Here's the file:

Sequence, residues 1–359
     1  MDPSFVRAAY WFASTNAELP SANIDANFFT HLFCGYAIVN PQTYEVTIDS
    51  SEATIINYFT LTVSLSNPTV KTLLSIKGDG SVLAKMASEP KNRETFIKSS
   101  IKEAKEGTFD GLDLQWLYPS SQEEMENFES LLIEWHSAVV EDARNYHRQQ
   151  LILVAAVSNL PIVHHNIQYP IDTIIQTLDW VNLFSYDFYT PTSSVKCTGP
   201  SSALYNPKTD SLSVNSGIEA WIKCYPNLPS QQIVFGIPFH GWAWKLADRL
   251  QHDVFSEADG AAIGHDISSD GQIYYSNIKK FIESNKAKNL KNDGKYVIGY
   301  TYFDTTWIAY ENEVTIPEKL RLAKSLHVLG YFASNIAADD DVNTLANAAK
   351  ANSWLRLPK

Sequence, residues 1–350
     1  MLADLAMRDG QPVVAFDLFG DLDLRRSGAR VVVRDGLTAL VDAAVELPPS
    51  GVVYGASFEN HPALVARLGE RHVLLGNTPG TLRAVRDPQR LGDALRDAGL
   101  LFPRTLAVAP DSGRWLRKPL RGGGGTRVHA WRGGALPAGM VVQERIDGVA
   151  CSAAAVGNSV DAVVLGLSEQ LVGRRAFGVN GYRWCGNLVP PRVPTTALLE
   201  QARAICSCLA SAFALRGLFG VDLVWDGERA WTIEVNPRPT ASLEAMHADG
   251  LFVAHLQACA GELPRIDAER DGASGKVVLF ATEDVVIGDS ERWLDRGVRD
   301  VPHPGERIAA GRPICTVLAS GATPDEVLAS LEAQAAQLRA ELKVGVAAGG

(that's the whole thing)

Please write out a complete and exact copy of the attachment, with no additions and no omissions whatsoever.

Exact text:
Sequence, residues 1–359
     1  MDPSFVRAAY WFASTNAELP SANIDANFFT HLFCGYAIVN PQTYEVTIDS
    51  SEATIINYFT LTVSLSNPTV KTLLSIKGDG SVLAKMASEP KNRETFIKSS
   101  IKEAKEGTFD GLDLQWLYPS SQEEMENFES LLIEWHSAVV EDARNYHRQQ
   151  LILVAAVSNL PIVHHNIQYP IDTIIQTLDW VNLFSYDFYT PTSSVKCTGP
   201  SSALYNPKTD SLSVNSGIEA WIKCYPNLPS QQIVFGIPFH GWAWKLADRL
   251  QHDVFSEADG AAIGHDISSD GQIYYSNIKK FIESNKAKNL KNDGKYVIGY
   301  TYFDTTWIAY ENEVTIPEKL RLAKSLHVLG YFASNIAADD DVNTLANAAK
   351  ANSWLRLPK

Sequence, residues 1–350
     1  MLADLAMRDG QPVVAFDLFG DLDLRRSGAR VVVRDGLTAL VDAAVELPPS
    51  GVVYGASFEN HPALVARLGE RHVLLGNTPG TLRAVRDPQR LGDALRDAGL
   101  LFPRTLAVAP DSGRWLRKPL RGGGGTRVHA WRGGALPAGM VVQERIDGVA
   151  CSAAAVGNSV DAVVLGLSEQ LVGRRAFGVN GYRWCGNLVP PRVPTTALLE
   201  QARAICSCLA SAFALRGLFG VDLVWDGERA WTIEVNPRPT ASLEAMHADG
   251  LFVAHLQACA GELPRIDAER DGASGKVVLF ATEDVVIGDS ERWLDRGVRD
   301  VPHPGERIAA GRPICTVLAS GATPDEVLAS LEAQAAQLRA ELKVGVAAGG